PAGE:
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By Jonathan Bechtel
Founding Partner

Home health care aides provide a valuable service to individuals who need help with daily personal and medical tasks. Many aides work independently of nursing facilities and health care agencies, which means they have a higher risk of running into legal compliance problems. One area of specific concern is the websites that these professionals use to market their services. If they don’t have certain information on their sites, they could find themselves falling short of the standards that are required of them. The malpractice attorneys of Stanfield Bechtel Law provide practical advice for reducing the chances of a Department of Public Health (DPH) audit and what to do if you find yourself the target of one, or of a lawsuit.

Do’s and Don’ts for Website Compliance

Whether you have a website, a Facebook page, or some other form of digital marketing, these are some pointers for what to include (or not) in your advertising space:

Do list the services that you provide. The term “home health care aide” is similar to other terms such as home aide or home care aide. The latter terms may refer to professionals who do not provide nursing or medical services. To the extent you provide such services, you should clearly list them on your website. It’s also a good idea to mention any specific services you do not provide.

Do describe your approach to home health care. It is expected that the home health care aide will develop a personalized care plan to assist the individual patient. You should describe, briefly, your approach to developing this plan. Will you cover personal care such as toileting and exercising? Will you help administer medications and monitor the patient? You don’t have to describe everything your care plan will address, but be specific enough so the patient understands.

Do explain the patient’s payment options. If your business accepts Medicare, meaning it is Medicare-certified, then be sure to inform patients on your website. Also list any other payment options so the patient has alternatives to choose from. In the event you do not accept a particular form of payment then state this.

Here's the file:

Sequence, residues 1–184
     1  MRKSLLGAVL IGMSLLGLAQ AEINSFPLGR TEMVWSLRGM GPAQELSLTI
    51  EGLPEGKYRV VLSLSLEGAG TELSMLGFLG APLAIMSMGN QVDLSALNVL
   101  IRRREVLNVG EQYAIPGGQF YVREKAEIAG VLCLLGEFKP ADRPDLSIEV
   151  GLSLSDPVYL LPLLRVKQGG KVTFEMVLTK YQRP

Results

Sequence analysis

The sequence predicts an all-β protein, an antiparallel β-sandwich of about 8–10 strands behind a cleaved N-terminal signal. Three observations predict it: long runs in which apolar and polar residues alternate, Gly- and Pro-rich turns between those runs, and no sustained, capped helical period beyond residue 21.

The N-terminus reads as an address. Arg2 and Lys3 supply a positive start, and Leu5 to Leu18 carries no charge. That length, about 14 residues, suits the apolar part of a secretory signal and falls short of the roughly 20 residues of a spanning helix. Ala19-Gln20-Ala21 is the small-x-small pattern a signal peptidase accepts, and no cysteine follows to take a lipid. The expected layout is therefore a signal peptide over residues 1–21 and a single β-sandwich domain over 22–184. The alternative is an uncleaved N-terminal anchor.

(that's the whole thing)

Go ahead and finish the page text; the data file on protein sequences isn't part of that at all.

Don’t do anything that may violate HIPAA. Most medical professionals are familiar with the Health Insurance Portability and Accountability Act (HIPAA). But their websites may inadvertently violate the law. A HIPAA-compliant website is required if it is used to collect, display, store, process, or transmit protected health information. Our attorneys can help you with this.

Don’t use testimonials without written consent. Many home health care aide websites use patient testimonials. But these should be obtained from the patient using carefully drafted consent forms. Otherwise, you could be accused of publicizing private health details in violation of HIPAA regulations.

What If You’re Facing An Audit or Professional Malpractice Lawsuit?

At Stanfield Bechtel Law, we take a proactive approach to DPH audits and malpractice lawsuits against medical professionals. We can help reduce the chances of a website audit by reviewing the contents of your site and providing specific recommendations for changes you should make. We can also discuss the standard of care you are expected to provide and examine your current operations to ensure they measure up.

In the event you find yourself the subject of either a DPH investigation or malpractice claim, we are ready to represent your best interests. We can defend you in your audit and work to reach an amicable resolution. The same is true with a malpractice lawsuit, which could be settled out of court or defended in the courtroom if necessary.

If you’ve never had an attorney review your home health care aide website or your business practices, it’s time to do so. Let us take a look and help reduce the chances of legal or other adverse action against you. Give us a call today.

About the Author
Jonathan believes the client should always come first, and aims to deliver a positive experience to exceed client expectations.